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To Kill A Mockingbird - SLO: HOME


Evaluating Perspective in Sources

How did the state of race relations in America influence aspects of To Kill a Mockingbird, and what is the state of racial tensions in America today, many decades later?  Can examining events from To Kill a Mockingbird help us to better understand present-day America

Visual Literacy - students will "read" a selected photograph from the 1930s or 40s, explaining what the photograph shows and how it is significant to American society

Students will watch one of several (10 min.) videos -- Understanding Jim Crow, The Origins of Lynching, ...Reflections on Growing Up in the South and possibly listen to Studs Terkel interviews about "class" in southern society (2 minutes each)

Students will then be given one of several articles and/or primary sources that highlight perspectives on the state of racial tensions in the US during the 1930s-40s. Students will evaluate these articles for perspective / bias and usefulness for helping us understand the time period. (Scottsboro Boys & the Groveland Boys - two real-life cases where black men were falsely accused of rape and pursued or killed by mobs, in the jail house and through the swamps)

After reading about this history (and maybe reading the TKAM jailhouse scene) -- students will study the impact of the past on the present. Students will be asked to find and evaluate an article about race relations in America today (Ferguson, Black Lives Matter, Chicago protests, etc).   [or read an article that we provide, such as the article with this focus: "Some people like to pretend the world sprang into existence yesterday. In an era of mass incarceration and epidemic police misbehavior, they earnestly wonder why African-Americans often don't trust law enforcement. Here, then, is an instructive reminder, past tapping present on the shoulder -- justice denied for 66 years and counting."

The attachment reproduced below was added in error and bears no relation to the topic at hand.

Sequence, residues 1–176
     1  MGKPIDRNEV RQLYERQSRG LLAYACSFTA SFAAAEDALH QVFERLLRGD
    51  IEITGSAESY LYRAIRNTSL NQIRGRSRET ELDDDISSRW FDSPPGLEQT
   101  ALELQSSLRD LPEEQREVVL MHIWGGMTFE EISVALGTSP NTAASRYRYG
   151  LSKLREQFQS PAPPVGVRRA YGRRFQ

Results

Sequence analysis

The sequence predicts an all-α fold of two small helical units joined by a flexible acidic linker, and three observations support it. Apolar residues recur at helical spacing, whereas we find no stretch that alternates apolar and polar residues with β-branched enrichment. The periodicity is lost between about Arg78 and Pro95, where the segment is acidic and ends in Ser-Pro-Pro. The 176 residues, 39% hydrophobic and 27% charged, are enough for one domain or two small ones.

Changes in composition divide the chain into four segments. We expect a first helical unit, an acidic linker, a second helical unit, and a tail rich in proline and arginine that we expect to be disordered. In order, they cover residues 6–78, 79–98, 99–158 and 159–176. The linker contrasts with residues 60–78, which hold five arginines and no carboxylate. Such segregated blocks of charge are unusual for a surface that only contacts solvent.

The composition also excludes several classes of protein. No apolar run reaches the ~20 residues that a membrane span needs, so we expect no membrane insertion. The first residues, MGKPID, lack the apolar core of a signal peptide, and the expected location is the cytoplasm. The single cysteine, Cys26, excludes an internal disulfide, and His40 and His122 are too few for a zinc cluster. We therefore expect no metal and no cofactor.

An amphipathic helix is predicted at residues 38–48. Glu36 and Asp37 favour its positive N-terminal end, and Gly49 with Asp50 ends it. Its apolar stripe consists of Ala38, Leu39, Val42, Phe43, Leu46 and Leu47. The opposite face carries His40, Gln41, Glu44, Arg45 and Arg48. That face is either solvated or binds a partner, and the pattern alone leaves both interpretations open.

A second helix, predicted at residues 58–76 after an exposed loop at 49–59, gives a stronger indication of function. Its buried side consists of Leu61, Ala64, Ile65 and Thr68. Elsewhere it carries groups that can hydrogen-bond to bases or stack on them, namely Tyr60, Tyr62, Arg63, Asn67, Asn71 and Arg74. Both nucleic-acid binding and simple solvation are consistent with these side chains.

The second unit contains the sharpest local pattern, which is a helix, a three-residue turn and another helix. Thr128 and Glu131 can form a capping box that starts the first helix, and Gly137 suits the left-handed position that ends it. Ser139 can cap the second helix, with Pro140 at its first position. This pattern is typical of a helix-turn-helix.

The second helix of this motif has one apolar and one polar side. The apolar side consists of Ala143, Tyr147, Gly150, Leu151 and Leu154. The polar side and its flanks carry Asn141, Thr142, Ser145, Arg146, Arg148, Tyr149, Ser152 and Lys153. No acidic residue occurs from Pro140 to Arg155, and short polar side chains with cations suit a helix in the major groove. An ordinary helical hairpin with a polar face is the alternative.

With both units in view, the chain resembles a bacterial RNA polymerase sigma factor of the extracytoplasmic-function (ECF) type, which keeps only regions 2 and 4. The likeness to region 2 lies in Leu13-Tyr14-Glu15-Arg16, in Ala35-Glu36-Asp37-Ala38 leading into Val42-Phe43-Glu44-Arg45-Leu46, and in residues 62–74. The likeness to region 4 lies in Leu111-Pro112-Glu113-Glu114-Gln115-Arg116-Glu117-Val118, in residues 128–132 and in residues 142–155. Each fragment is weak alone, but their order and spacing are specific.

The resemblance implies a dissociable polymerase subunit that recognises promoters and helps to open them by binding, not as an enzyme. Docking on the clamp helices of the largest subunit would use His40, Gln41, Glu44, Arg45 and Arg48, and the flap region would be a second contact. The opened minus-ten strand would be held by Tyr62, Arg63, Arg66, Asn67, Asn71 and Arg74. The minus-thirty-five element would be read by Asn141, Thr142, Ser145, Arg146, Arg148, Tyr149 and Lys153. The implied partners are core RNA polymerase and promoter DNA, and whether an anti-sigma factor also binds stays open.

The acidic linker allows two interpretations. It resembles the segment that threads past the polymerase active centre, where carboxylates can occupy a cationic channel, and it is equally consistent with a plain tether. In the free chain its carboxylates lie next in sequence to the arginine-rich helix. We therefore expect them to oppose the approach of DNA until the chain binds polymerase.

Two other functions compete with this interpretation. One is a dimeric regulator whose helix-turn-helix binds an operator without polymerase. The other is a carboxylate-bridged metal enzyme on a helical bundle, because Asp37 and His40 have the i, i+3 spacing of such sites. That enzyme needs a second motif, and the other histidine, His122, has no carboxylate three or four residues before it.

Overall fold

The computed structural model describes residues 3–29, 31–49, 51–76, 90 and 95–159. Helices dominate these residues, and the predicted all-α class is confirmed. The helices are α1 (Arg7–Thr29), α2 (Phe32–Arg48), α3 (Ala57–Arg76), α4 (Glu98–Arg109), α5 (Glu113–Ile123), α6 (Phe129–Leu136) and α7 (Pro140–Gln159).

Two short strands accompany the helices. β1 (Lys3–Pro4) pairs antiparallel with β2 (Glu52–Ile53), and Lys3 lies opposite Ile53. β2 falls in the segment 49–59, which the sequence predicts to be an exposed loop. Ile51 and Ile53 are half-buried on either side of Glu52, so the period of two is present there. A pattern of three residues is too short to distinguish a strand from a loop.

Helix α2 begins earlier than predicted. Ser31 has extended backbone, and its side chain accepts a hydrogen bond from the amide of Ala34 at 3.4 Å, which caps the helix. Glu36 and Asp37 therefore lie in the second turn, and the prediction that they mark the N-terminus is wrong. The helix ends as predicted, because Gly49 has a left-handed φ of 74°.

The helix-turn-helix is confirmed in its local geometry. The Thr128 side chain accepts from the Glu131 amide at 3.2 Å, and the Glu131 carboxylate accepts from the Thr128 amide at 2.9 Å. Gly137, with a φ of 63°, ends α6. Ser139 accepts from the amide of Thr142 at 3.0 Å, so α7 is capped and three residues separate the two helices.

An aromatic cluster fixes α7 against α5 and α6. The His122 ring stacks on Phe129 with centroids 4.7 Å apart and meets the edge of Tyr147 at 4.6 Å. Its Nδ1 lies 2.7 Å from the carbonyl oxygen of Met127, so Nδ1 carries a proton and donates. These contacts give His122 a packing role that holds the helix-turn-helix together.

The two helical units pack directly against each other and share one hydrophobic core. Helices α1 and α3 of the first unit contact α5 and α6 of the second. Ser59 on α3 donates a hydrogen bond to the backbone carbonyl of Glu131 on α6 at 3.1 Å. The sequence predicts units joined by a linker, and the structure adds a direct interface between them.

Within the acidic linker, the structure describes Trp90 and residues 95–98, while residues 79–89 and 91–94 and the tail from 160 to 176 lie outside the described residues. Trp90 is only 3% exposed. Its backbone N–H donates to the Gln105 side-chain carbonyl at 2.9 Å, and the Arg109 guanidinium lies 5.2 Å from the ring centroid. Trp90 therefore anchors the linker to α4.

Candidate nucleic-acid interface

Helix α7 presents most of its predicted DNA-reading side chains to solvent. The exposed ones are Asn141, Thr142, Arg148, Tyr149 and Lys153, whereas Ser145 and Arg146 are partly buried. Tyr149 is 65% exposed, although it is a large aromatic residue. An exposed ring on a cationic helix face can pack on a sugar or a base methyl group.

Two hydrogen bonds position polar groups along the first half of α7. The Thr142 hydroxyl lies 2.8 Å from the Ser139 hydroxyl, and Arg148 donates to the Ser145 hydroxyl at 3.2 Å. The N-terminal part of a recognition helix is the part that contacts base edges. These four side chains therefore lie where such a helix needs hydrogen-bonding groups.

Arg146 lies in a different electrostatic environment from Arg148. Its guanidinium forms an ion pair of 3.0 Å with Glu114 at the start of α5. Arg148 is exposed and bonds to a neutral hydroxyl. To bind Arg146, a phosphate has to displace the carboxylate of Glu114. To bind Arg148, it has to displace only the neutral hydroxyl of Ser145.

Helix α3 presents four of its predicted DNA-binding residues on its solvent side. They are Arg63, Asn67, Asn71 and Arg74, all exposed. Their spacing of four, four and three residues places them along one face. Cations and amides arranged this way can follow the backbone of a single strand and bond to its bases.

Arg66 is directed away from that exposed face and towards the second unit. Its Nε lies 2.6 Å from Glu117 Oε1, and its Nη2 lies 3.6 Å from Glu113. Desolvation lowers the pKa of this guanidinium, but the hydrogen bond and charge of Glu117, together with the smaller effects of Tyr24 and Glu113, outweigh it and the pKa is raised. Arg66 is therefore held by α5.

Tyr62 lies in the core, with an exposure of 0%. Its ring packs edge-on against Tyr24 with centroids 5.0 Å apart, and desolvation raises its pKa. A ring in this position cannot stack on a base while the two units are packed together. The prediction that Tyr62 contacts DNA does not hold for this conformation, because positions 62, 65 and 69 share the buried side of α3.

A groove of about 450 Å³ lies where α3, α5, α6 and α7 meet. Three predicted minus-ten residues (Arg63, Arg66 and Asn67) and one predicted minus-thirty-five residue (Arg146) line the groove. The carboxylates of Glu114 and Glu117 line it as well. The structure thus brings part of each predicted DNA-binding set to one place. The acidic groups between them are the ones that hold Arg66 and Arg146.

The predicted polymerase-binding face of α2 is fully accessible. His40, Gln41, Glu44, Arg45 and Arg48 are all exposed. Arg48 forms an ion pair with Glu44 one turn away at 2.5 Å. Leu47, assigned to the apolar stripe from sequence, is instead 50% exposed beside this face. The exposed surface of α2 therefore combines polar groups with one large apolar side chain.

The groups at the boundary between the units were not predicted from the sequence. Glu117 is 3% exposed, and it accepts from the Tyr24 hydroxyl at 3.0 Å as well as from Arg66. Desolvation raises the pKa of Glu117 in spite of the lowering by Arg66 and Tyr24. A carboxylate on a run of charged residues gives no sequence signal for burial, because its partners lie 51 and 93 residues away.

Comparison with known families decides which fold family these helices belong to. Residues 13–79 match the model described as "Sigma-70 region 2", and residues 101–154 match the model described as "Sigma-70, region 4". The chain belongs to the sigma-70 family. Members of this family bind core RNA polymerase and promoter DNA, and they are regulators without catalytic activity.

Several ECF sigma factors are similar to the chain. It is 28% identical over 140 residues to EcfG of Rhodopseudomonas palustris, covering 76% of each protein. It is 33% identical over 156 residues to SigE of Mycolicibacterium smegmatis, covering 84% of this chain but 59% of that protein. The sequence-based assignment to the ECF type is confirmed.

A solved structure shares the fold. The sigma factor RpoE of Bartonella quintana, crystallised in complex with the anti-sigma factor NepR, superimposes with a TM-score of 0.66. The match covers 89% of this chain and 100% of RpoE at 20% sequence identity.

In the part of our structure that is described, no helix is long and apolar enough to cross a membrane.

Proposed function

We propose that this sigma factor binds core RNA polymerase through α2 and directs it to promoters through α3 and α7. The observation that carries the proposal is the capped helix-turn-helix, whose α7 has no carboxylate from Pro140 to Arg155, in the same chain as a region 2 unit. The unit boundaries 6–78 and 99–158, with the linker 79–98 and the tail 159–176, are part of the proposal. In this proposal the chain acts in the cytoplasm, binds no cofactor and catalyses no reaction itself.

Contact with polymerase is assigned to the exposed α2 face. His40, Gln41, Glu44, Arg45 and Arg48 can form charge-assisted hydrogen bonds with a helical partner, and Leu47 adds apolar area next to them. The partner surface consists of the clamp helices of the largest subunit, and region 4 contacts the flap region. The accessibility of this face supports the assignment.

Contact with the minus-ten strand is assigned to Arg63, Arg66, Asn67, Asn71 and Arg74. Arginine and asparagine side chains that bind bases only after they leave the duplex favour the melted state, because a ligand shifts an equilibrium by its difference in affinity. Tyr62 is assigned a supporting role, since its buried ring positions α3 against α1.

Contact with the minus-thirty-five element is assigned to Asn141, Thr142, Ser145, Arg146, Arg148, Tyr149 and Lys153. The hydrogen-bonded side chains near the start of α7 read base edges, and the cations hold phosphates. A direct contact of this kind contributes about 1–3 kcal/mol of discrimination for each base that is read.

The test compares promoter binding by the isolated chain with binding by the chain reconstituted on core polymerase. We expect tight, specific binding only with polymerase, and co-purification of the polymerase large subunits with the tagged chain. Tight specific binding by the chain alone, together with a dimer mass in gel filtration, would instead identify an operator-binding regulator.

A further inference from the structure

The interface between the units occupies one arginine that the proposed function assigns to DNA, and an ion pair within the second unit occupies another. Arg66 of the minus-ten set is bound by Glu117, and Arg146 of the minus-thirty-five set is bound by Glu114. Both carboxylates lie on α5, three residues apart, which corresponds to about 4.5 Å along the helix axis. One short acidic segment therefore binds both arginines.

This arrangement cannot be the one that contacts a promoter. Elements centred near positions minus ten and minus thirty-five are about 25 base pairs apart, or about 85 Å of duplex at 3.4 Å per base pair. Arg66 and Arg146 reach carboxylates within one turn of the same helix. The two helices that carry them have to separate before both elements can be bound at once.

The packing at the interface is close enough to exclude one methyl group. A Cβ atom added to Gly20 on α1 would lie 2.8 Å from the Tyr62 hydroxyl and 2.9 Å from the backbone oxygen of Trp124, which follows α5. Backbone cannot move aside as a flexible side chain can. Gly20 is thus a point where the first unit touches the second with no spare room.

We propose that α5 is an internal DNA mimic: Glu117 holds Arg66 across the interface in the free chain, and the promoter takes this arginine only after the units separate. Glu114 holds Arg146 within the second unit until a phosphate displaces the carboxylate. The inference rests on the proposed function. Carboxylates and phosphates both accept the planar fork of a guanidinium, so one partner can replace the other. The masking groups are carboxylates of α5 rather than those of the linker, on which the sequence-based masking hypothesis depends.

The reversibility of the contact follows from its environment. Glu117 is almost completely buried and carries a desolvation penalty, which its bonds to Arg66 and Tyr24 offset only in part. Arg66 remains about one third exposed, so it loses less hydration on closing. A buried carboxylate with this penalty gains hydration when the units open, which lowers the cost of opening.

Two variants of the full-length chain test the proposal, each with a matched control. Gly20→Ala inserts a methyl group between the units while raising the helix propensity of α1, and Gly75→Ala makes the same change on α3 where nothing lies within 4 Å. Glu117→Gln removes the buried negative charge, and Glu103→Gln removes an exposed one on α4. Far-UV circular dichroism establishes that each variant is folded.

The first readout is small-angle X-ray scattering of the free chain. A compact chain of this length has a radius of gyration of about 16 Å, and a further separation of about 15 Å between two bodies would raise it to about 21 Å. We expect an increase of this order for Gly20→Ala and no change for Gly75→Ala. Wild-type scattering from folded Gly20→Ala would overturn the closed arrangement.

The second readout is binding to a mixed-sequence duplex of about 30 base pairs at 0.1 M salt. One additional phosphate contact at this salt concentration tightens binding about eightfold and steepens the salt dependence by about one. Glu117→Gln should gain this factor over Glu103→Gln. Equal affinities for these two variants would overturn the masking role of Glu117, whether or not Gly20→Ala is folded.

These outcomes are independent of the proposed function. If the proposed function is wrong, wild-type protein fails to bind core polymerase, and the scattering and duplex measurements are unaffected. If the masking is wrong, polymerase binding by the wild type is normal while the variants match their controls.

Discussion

SLO: students will evaluate the articles about present-day race relations for perspective / bias and usefulness in helping to answer their focus question (past vs. present and racial tensions). we will measure student growth with a rubric that assesses students' ability to evaluate a source for perspective and usefulness.

Visual Literacy Lesson

What inferences can you draw about society based on the images in a photograph from the 1930s?  

Students will be asked to "read" a selected photograph from the 1930s or 40s, explaining what the photograph shows and how it is significant to American society.

Next, students will watch videos and/or read articles to give context about American society at the time period.  

Teacher will model the process of analyzing a visual image, explaining the process and using a handout with guiding questions and instructions.  

Students will then receive different photographs and analyze the image for meaning and inferences about society.  

SLO: assess student ability to describe and interpret the meaning of a visual image 

[some examples of possible photos to be used in the box above]

Some Resources